Huffpost Crime

Real Life 'Fifty Shades Of Grey' Ends In 'Slavery' Lawsuit

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"Fifty Shades of Grey," the best-selling BDSM erotica novel written by E.L. James, might have housewives blushing, but the real-life version of the story can be more of a nightmare than a fantasy.

An unnamed Italian woman, who signed a contract swearing complete sexual and mental submission to her husband, is now suing him for divorce and physical abuse after seven years of "slavery," the Telegraph reports. She signed the agreement, which stipulated that she would be his "slave," in 2004 when they were dating. They married in 2006 and separated last year.

The Telegraph published some excerpts from the contract:

  • "The slave agrees to obey and to offer herself for the satisfaction of the desires of her master," the contract read.
  • "The slave agrees to place her body at her master's disposition, to be used at his pleasure."
  • Any "infraction" would be punished, the contract stipulated, with the woman expected to accept the penalty with "humility".
  • As part of the unusual accord, the husband agreed that he would not subject his wife to "coprophilia, bestiality, asphyxia/restriction of breathing, branding by fire, any activities involving weapons and any acts in general which could permanently mark her physically".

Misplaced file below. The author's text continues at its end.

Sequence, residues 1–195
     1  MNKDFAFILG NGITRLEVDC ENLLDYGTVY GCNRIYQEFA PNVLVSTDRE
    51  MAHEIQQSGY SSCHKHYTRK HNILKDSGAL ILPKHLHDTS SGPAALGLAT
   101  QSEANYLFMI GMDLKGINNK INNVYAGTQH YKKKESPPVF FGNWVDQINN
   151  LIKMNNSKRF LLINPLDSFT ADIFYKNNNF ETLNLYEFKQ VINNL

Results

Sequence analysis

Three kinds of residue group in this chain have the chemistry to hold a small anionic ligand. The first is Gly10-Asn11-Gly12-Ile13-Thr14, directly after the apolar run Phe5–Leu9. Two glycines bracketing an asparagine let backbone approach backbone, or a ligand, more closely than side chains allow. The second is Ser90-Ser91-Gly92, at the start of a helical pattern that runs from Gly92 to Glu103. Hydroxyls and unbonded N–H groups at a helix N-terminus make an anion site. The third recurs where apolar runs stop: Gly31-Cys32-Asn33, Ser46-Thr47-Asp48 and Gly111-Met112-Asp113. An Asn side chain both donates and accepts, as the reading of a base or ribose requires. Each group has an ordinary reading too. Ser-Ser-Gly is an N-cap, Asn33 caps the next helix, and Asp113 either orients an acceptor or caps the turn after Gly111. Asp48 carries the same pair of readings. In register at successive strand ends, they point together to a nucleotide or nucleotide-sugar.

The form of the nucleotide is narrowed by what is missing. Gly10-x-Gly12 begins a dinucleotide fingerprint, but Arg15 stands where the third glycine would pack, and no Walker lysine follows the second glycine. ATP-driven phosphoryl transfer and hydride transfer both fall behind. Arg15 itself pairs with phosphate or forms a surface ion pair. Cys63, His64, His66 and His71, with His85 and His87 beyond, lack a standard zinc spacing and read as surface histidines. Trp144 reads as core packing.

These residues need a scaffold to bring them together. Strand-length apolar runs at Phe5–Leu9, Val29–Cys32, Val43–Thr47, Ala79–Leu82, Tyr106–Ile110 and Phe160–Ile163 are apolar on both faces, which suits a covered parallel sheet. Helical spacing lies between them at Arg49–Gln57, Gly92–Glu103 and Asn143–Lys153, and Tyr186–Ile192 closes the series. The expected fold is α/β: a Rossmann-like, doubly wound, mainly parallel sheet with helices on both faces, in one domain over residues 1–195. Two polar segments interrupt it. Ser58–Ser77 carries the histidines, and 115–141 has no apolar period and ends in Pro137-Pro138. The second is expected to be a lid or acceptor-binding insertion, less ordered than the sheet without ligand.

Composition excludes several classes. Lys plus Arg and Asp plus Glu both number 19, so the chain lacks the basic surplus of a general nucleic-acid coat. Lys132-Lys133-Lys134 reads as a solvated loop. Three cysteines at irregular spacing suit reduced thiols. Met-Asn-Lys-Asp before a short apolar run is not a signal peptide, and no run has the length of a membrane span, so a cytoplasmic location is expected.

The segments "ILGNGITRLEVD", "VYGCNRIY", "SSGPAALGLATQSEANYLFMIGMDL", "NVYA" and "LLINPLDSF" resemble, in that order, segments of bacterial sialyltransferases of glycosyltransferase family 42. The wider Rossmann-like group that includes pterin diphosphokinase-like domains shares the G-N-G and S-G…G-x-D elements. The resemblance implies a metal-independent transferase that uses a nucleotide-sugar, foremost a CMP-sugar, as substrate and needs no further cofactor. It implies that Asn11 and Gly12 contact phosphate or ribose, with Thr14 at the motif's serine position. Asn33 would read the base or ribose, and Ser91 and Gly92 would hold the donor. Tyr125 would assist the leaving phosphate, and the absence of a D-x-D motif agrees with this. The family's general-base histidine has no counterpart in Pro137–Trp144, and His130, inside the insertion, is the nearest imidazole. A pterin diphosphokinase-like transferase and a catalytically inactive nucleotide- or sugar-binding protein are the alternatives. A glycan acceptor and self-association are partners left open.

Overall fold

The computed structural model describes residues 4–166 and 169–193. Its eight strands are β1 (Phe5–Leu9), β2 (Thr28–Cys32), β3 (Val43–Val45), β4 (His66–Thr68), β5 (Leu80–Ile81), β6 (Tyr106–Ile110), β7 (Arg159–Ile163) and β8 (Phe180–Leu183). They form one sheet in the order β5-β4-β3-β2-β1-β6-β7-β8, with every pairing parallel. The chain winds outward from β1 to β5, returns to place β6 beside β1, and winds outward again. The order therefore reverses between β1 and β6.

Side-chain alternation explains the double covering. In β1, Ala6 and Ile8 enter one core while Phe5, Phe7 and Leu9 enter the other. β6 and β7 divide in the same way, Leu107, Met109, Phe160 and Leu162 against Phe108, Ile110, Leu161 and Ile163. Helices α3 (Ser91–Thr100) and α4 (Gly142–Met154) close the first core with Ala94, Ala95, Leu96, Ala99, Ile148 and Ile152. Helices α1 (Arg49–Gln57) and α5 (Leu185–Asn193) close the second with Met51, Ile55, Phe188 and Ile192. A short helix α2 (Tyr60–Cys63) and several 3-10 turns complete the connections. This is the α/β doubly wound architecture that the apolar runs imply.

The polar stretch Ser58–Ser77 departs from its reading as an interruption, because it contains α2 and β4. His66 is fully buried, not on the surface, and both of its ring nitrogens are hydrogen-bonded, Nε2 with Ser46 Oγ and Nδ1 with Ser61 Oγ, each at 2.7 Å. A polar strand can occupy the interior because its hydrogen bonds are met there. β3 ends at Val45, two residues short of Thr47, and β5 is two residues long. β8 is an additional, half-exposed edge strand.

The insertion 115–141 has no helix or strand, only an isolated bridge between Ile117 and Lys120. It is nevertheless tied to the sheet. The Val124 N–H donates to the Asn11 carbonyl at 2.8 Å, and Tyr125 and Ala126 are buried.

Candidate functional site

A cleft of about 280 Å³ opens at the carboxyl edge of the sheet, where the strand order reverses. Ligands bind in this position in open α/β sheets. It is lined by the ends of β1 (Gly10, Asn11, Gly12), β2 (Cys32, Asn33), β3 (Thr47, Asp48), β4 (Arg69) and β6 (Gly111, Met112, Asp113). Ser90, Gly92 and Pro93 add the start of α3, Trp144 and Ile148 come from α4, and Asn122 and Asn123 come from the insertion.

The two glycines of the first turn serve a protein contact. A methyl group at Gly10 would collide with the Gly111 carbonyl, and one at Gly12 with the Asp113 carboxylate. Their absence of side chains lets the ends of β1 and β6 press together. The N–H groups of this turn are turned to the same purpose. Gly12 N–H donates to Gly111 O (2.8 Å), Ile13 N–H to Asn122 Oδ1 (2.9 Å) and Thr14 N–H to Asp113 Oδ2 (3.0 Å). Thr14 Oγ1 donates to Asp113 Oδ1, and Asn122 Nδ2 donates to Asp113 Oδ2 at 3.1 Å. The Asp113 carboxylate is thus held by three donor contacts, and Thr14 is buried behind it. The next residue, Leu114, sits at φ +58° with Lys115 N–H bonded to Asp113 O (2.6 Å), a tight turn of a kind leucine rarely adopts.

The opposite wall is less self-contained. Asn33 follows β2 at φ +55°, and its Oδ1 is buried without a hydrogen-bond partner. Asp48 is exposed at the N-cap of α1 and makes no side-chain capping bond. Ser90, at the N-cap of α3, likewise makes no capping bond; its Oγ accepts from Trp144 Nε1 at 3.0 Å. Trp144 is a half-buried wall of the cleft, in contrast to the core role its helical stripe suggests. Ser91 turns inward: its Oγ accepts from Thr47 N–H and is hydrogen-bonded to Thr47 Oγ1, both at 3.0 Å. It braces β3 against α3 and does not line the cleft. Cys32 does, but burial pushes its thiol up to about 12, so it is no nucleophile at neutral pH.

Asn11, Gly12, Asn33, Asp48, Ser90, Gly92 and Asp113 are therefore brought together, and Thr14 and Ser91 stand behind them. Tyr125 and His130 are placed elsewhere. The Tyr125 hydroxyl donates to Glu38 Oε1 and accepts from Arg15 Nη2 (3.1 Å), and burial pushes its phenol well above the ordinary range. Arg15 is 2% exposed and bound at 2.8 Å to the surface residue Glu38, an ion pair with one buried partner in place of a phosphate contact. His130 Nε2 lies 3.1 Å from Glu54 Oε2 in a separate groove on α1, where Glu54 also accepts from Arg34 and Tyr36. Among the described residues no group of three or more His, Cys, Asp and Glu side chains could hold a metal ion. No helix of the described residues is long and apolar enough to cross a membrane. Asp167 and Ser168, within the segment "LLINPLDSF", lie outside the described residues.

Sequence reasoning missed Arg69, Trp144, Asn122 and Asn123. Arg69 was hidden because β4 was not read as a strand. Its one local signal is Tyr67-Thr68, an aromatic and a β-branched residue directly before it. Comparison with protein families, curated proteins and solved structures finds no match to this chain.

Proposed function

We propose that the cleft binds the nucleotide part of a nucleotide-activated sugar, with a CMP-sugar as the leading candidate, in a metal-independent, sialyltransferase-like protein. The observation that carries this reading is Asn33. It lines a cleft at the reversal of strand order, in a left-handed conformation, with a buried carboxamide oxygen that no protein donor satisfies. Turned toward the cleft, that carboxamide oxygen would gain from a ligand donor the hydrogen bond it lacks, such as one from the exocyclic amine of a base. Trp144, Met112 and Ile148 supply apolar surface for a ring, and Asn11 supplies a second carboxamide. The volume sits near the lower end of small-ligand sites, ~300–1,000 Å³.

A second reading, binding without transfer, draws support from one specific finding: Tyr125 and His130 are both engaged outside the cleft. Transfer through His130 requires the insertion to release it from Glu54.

The contract between dominant Christian Grey and submissive Anastasia Steele, published in the first "Fifty Shades of Grey" book in 2011, includes similar agreements.

(Spoiler alert)

"The Dominant accepts the Submissive as his, to own, control, dominate, and discipline during the Term. The Dominant may use the Submissive’s body at any time during the Allotted Times or any agreed additional times in any manner he deems fit, sexually or otherwise," reads one excerpt from "Fifty Shades of Grey."

"The Dominant may discipline the Submissive as necessary to ensure the Submissive fully appreciates her role of subservience to the Dominant and to discourage unacceptable conduct. The Dominant may flog, spank, whip or corporally punish the Submissive as he sees fit, for purposes of discipline, for his own personal enjoyment, or for any other reason, which he is not obliged to provide," reads another.

Steele's fictitious situation is different from the real-life saga, since Steele never actually signed the contract. Now an Italian judge must decide if the unnamed woman's lawsuit, which claims physical abuse, is valid since she did sign the contract.

But other women have warned against romanticizing a BDSM relationship.

In July, a woman, who remained anonymous, told her story of her life as a sex slave after she signed a contract agreeing to oblige to her partner's every whim.

“To begin with I found it exciting," she told the Mirror. "But I discovered there’s often a dark side to men who get their kicks out of indulging in these types of games."

She signed the contract in 2005 and, in 2006, she claims her partner became increasingly violent. One day, after he caught her meeting with another one of his sex slaves, he allegedly attacked her in the street, choked her and slammed her head against a store window.

“I ended up getting battered by my version of Christian Grey when he [realized] he couldn’t control me outside of the bedroom," she told the outlet.